A diversified, end-to-end innovation chain fosters partnerships
Québec stands out as one of the few locations where companies can conduct business at every step – from basic research to market– to develop drugs, prevention and diagnostic tests, and medical devices. Tap into Québec’s commercialization expertise, vibrant clusters and an active bio-industries and life sciences business network.
Québec: a rich source of knowledge at all phases of product development
A highly qualified pool of talent
- 13 higher education establishments, including 4 faculties of medicine, 2 schools of pharmacy and 2 engineering schools with health technologies
- Québec universities listed among the top 100 in the world for clinical and preclinical trials in health and life sciences
- Close to 7,000 scientific publications per year, 50% in collaboration with international researchers
- More than 16,500 people assigned directly to research in public research centres
Extensive expertise in advanced sectors such as:
- Cardiometabolic diseases
- Neurology and mental health
- Infectiology – Immunology-Vaccines
- Genomics – Proteomics
Québec has a critical mass of businesses and experts in pioneering sectors such as:
- Personalized health care
- Personalized health research (the biggest portfolio in Canada in the prevention, diagnosis, treatment and prognosis of cancer, neuroscience, rare diseases, cardiovascular and inflammatory diseases)
- Cell, tissue and blood derived products
- Biotherapeutics (The establishment of Green Cross Biotherapeutics and several initiatives to develop the cell and tissue product niche make Québec a prime location in this burgeoning sector. )
Québec has a vibrant CRO industry, which includes 50 companies that offer a full range of contractual research services; it benefits from the presence of the Global Centre for Expertise in Early Stage Research.
Québec has cutting-edge facilities, platforms and research initiatives
- The Québec government is currently investing more than $25 billion to upgrade the province’s research and healthcare infrastructure.
- The McGill University and Génome Québec Innovation Centre, Canada’s main genomics platform with leading-edge technologies, offers a unique global expertise in complex diseases.
- Genome Québec and Sainte-Justine UHC Integrated Clinical Genomic Centre in Pediatrics provide unmatched expertise in rare pediatric diseases.
- IRIC has the most impressive technology park in biomedical research in Canada and a team of over 30 medicinal chemists and specialized biologists. The organization has forged 5 major partnerships with biopharmaceutical companies, including Bristol-Myers Squibb, Pfizer, Merck and Pharmascience.
- NÉOMED is a non-profit research consortium dedicated to drug discovery and development. Its mission is to develop promising ideas that emerge from the university milieu and biotechnology companies. This competitive research consortium is co-funded by the Québec government and four major pharmaceutical companies (AstraZeneca, Pfizer, GSK, Janssen).
CQDM is a hub where academia, biotechs, governments and the biopharmaceutical industry converge to find solutions to accelerate drug discovery and development. This pre-competitive research consortium is co-funded by nine major pharmaceutical companies (Pfizer, Merck, AstraZeneca, Eli Lilly, Boehringer Ingelheim, GSK, Novartis, Janssen and Sanofi), and the Governments of Québec and of Canada.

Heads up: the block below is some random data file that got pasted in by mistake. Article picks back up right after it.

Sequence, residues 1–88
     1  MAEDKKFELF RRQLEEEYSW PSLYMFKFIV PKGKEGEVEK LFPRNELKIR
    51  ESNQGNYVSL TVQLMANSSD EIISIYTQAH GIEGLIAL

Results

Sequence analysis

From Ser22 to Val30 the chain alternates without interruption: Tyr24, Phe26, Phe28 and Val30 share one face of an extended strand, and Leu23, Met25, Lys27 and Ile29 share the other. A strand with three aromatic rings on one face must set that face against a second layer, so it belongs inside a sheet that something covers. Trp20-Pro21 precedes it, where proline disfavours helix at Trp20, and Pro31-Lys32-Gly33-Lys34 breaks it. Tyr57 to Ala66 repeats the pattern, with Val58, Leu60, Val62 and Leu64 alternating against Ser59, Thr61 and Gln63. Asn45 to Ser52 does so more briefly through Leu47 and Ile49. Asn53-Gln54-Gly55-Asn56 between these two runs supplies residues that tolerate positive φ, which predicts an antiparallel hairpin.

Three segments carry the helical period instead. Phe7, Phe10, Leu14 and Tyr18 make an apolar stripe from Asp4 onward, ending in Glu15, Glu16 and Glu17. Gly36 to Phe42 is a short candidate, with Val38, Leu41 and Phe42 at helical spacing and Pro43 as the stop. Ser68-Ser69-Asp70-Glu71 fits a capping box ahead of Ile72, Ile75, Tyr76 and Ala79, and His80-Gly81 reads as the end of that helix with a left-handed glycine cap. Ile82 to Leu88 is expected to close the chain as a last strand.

Québec helps businesses stay competitive
- Companies benefit from generous tax measures
- Tax credits can cover 40% of research and development (R&D) costs
- A tax holiday of up to five years for foreign researchers and experts
- According to the KPMG report titled Competitive Alternatives 2014, Québec City and Montréal stand out from several other major cities in the biotechnology sector for their relatively low R&D operating costs.
- Companies enjoy impressively low operating costs
- According to the KPMG report titled Competitive Alternatives 2014, total operating costs in Québec’s big cities are among the lowest in North America and Western Europe, making them ideal locations to set up production facilities.
Québec businesses are trailblazers – recent international success stories
- Using products developed in Québec by Bio-K+ International, which prevent the contraction of C. difficile, 76 hospitals in the U.S. alone save between $1.9 and 2.6 million dollars for every 1,000 patients
- A test developed in Québec and marketed worldwide by BD Diagnostics can identify a microbe in 45 minutes rather than days. By limiting the spread of infections, this generates savings of US$ 8 million for a hospital of 700 beds. The company’s investment to commercialize the test has resulted in:
- over $800M invested in Quebec City;
- more than 350 jobs created;
- and 90% of production exported.
- In 2015 alone, nearly $100 million was raised through a corporate financing round by ProMetic Life Science, Thrasos, enGene and Prevtec Microbia. Plus, another US$ 70 M will soon be raised by Klox when the company goes public.
- Montreal’s H&P Labs Inc. announced an agreement with Harvard University and Brigham and Women’s Hospital to license two classes of compounds in order to develop an oral drug therapy against Ebola.